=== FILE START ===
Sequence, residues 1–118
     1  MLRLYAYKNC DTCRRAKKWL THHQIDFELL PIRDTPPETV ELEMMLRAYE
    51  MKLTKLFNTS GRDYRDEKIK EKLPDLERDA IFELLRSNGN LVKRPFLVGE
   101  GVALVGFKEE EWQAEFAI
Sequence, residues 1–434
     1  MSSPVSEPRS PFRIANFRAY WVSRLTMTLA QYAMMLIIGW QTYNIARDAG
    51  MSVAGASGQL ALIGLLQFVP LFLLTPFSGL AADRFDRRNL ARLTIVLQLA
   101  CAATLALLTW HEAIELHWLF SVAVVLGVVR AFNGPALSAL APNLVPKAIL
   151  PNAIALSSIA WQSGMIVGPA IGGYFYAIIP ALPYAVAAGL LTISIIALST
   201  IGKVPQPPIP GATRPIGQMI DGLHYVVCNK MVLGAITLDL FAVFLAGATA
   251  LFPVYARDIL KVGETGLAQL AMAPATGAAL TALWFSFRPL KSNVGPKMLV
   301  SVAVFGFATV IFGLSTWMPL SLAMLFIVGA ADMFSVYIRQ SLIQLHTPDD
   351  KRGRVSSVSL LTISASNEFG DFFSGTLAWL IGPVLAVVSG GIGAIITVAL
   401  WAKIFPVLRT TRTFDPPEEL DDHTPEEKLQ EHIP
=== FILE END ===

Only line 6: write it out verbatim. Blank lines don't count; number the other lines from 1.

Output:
     1  MSSPVSEPRS PFRIANFRAY WVSRLTMTLA QYAMMLIIGW QTYNIARDAG